Editor’s note: This is the fifth and final installment in a series of posts about envelope-pushing strategies that schools might embrace to address students’ learning loss in the wake of the pandemic. Find the first four posts here, here, here, and here.
Last week I explored how we might truly personalize instruction and blow up the whole notion of grade levels so that elementary students could learn at their own pace and get what they need as they recover from the pandemic. I argued that it’s harder than it looks, especially at the elementary level, for several reasons. First, much of what the youngest learners are supposed to master in school is how to behave and get along with other kids and adults. Especially after everything children have been through over the last year, we need to put relationships front and center. Thinking of young students as knowledge-building machines is not going to cut it.
And second, I discussed concerns about grouping students homogeneously with other kids with similar readiness levels, as in the redbirds and the bluebirds. That’s because of research showing that students in the lowest groups rarely catch up. Yet teaching students in small groups is not only a time-honored practice, but one of the most obvious ways to individualize instruction.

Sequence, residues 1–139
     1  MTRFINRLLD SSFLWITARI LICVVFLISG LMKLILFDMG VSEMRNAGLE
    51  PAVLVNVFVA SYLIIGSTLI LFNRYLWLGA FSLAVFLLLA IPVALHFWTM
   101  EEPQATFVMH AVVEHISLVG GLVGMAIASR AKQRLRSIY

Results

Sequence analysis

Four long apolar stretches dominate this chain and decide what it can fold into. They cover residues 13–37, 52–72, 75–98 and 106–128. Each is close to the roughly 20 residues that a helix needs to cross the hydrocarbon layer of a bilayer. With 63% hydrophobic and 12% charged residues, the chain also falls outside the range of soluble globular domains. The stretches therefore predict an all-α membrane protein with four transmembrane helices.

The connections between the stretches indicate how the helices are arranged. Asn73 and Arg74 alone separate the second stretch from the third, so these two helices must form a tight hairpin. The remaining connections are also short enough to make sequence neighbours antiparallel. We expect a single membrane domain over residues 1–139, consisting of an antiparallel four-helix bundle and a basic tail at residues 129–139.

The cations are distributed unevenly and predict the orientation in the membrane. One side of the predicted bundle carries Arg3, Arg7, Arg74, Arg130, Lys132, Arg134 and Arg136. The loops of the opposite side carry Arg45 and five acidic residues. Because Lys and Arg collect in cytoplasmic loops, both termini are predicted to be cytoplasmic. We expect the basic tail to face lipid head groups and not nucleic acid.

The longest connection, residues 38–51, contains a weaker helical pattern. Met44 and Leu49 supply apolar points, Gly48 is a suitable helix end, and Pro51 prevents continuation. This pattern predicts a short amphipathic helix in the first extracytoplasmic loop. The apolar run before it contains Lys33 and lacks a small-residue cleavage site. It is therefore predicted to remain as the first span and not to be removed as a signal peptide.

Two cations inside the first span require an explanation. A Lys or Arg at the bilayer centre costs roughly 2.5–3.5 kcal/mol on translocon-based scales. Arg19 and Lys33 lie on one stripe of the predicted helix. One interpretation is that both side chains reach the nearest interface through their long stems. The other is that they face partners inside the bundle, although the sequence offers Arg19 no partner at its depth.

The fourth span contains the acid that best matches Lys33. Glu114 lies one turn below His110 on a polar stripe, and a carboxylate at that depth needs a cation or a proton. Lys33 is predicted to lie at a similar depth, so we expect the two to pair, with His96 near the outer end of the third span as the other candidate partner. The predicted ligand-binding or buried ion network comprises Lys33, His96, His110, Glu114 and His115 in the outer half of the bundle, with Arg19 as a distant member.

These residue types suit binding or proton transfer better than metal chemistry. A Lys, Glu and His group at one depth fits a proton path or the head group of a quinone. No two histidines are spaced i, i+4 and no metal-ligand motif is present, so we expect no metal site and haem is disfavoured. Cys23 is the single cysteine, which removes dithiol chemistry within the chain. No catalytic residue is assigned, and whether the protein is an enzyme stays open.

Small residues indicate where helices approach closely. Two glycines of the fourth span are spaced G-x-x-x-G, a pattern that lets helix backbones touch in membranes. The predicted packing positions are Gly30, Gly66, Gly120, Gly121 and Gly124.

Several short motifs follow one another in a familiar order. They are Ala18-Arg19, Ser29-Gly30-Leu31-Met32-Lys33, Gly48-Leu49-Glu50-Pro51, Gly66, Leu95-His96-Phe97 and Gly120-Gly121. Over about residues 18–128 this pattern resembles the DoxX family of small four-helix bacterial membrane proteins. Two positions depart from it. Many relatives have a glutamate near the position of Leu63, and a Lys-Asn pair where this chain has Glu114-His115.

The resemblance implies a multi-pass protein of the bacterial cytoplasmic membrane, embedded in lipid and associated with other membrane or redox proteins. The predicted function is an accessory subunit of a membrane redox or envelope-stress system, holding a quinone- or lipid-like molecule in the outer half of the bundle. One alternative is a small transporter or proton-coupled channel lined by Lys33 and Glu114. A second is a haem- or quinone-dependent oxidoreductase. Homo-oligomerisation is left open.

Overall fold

At the elementary level, then, any approach to personalize learning has to balance attempts to individualize instruction with plenty of opportunities to build relationships and social skills with other kids and adults, while also making sure that the lowest-achieving students are not permanently consigned to low-level instruction and grouped all day and exclusively with other low-performing peers.